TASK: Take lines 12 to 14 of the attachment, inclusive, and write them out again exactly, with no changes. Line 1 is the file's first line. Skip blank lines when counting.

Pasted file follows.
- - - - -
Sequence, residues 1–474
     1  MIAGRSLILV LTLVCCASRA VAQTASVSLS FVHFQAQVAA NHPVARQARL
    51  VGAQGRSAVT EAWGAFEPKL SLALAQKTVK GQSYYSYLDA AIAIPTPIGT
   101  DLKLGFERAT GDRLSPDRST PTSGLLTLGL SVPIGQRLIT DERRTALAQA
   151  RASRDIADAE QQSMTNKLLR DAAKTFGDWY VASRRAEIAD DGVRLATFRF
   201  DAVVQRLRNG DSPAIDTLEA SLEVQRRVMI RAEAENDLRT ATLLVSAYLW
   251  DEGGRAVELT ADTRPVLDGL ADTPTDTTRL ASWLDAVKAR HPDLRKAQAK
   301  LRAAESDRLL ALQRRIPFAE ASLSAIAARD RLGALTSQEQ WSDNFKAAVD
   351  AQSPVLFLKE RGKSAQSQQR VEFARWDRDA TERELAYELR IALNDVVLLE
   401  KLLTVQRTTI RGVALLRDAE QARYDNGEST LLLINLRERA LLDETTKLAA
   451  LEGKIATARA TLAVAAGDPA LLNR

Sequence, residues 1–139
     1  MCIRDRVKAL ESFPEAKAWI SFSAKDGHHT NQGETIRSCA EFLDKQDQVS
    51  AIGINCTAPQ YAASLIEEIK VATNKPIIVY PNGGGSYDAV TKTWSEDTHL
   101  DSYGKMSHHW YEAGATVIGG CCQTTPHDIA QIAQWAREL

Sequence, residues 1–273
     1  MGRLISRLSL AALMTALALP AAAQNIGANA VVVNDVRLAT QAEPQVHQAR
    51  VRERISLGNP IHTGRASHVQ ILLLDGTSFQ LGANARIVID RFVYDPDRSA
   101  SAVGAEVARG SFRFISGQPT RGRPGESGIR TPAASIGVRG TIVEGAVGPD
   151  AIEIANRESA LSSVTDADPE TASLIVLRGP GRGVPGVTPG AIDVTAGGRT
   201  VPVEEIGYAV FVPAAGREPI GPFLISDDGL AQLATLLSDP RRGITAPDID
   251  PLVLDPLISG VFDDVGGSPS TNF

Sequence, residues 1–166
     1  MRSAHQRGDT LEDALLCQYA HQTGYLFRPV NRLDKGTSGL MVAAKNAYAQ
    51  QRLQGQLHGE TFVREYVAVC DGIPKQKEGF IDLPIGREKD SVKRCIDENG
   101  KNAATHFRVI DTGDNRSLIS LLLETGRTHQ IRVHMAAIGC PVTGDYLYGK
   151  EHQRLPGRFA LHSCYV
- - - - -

Sequence, residues 1–139
     1  MCIRDRVKAL ESFPEAKAWI SFSAKDGHHT NQGETIRSCA EFLDKQDQVS
    51  AIGINCTAPQ YAASLIEEIK VATNKPIIVY PNGGGSYDAV TKTWSEDTHL